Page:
Located mere minutes outside of the biggest metropolis in the United States, New York City, Long Beach has recently thrust itself into the surfing spotlight by playing host to an annual ASP World Tour competition in which the greatest surfers from all over the world test themselves in the waters of Long Island.

For years locals have known that their waves were the finest on all of the East Coast but now they are getting the credit they deserve for surfing waves challenging enough for any rider, amateur to pro.

Surfrider Beach, Malibu – California

Surfrider Beach, Malibu - California

The epicenter of the surfing craze in the 50s and 60s, Malibu was where it all began. A wave that every surfer must travel to at least once in his or her lifetime, Malibu is again a victim of its own success.

One of the smoothest rides found anywhere, it is often crowded with handfuls of surfers competing for every wave. All that aside, it is one of the most idyllic locations in all of the world where the backdrops to the perfect waves are the mansions of the rich and powerful of Hollywood.

Honolua Bay, Kapalua – Hawaii

Honolua Bay, Kapalua - Hawaii

Located on Maui’s northwest shore, Honolua Bay is a winter-time destination for Big Wave surfers all across the world. A powerful, hollow wave famous for especially long rides, this break also offers pristine surrounding cliffs for spectators to take in the views.

Experience is a prerequisite here as no novice is likely to exit the water unscathed if they try and ride this famed giant.

Castle Beach, Waikiki – Hawaii

Castle Beach, Waikiki - Hawaii

Located in idyllic Waikiki, Hawaii, Castles is a second reef break and is famed as being the South Shore’s most famous surf break even though it only becomes rideable when wave heights reach 10ft or higher.

Hawaii is the Mecca for all surfers wishing to test their fortitude against giant waves and Castles is on a shortlist of ‘must surf’ waves for those riders who truly wish to find what their chops are made of.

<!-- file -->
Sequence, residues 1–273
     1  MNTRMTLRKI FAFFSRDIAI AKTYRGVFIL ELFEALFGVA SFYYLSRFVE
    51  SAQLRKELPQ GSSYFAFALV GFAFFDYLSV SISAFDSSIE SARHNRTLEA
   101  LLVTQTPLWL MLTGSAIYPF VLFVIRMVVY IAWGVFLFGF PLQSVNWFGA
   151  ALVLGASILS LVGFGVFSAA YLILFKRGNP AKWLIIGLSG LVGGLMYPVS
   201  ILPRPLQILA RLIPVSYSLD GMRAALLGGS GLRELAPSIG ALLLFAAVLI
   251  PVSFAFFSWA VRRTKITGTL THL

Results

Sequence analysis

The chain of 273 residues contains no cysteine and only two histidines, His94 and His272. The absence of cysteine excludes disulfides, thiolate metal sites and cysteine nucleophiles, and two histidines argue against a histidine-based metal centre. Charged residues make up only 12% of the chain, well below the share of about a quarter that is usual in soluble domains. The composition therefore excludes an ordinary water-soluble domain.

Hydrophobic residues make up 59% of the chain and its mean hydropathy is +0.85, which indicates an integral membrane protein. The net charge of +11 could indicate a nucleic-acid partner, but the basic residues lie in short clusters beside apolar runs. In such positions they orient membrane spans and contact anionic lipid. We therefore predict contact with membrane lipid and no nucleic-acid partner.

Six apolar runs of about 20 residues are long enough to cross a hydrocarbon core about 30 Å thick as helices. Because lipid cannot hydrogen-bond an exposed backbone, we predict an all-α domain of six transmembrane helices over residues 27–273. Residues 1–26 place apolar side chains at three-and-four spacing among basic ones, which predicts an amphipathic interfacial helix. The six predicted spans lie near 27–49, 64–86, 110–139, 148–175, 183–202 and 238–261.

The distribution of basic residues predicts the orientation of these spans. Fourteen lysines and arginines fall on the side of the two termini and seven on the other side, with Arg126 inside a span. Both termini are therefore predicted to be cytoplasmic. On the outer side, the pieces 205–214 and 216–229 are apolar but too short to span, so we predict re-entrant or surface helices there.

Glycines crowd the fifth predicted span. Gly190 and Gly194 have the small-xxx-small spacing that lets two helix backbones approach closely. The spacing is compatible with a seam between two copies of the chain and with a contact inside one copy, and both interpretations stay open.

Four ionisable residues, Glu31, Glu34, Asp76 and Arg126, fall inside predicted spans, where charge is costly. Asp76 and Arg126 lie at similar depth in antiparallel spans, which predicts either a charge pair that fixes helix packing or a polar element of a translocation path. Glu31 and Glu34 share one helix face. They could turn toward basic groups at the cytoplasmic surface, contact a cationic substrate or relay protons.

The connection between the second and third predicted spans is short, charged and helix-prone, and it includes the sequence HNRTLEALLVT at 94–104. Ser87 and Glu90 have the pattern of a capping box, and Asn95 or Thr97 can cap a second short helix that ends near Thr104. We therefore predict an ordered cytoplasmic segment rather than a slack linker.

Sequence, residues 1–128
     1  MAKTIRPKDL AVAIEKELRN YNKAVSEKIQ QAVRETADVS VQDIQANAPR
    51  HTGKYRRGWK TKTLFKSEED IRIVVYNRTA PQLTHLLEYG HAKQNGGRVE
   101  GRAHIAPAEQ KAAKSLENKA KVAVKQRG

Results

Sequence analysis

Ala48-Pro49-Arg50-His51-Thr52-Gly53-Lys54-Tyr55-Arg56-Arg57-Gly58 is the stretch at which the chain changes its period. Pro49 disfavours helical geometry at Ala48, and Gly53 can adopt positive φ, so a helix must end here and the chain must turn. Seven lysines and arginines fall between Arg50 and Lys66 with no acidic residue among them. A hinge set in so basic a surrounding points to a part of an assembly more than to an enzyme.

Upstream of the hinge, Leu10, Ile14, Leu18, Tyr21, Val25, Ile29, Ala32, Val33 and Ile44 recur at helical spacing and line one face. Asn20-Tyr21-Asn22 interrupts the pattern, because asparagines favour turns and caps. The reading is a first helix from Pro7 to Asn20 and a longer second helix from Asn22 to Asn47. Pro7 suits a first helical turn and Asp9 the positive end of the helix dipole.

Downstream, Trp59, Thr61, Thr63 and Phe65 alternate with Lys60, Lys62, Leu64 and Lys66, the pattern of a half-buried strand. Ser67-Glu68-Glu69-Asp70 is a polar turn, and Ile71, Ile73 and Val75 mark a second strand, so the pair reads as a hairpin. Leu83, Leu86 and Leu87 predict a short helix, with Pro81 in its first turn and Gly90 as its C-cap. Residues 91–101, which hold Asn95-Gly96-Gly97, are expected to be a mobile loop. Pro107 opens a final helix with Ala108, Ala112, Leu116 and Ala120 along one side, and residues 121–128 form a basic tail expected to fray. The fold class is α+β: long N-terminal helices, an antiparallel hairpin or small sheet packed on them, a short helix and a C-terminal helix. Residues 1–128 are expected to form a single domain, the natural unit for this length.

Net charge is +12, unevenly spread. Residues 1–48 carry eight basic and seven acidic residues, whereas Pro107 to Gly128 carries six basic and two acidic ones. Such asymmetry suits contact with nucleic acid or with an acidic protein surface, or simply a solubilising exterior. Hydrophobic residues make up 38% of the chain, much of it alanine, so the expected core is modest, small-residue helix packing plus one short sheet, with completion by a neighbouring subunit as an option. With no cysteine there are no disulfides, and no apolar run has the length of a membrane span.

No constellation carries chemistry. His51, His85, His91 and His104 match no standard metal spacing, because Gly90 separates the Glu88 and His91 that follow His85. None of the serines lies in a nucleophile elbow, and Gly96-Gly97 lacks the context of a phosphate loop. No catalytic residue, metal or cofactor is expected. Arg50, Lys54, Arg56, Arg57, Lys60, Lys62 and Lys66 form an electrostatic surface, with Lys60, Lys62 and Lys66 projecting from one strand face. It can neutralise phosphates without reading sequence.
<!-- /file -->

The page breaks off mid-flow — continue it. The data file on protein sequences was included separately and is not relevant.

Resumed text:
Pipeline, Haleiwa – Hawaii

Pipeline, Haleiwa - Hawaii

The Banzai Pipeline is arguably the most famous surf break on Oahu’s North Shore. A reef break located off of Ehukai Beach Park in Pupukea, this powerful wave is menacing for even the most advanced of riders.

Collectively made up of 3 reefs in increasingly deeper water no matter the swell size the reef churns out deadly powerful and heavy waves over a jagged coral reef.

It is also home to the Vans Triple Crown of Surfing made up of the Reef Hawaiian Pro, Vans World Cup of Surfing and Billabong Pipe Masters.

Each competition is revered by surfers all across the globe because in order to win you have to prove yourself on perhaps the most menacing wave in Hawaii.

For Beginning Surfers

Trying to get into surfing isn’t as difficult as you may think. Once you get past struggling to lie flat on the board, it becomes a lot less intimidating. Part of the problem is knowing where the not-so-gigantic swells are for some practice.

If always ending up in a spin-cycle, thrashing disoriented in the surf has you discouraged, just think of it this way: you’re probably at the wrong beach.

Surfing the big wave breaks of Hawaii, Tahiti and even most of NorCal isn’t the place to start, but that doesn’t mean there aren’t easy places for novice surfers to hone their skills.

Check out the beaches where you can find the mellow, easy-to-ride waves right here in the United States:

Folly Beach – South Carolina

Folly Beach - South Carolina

One of the first things you see approaching this rustic old surf town is an abandoned shack and a phone number spray-painted on its wall.

Above the phone number is a message: SURF LESSONS. I wouldn’t recommend that guy, but there are plenty of others on this island who can help you get up.

Start with the locals at their favorite watering hole: Surf Bar. Buddy up and let them suggest a wave along the island’s miles of calm breaks.

Folly Beach is known for a wave that’s just big enough for a thrill, but small enough for a beginner.

If during your stay you get your sea legs and want more of a challenge, make your way east to the Washout and knick boards with the regulars. If you’re in South Carolina, this is where you’ll want to be to develop your skills.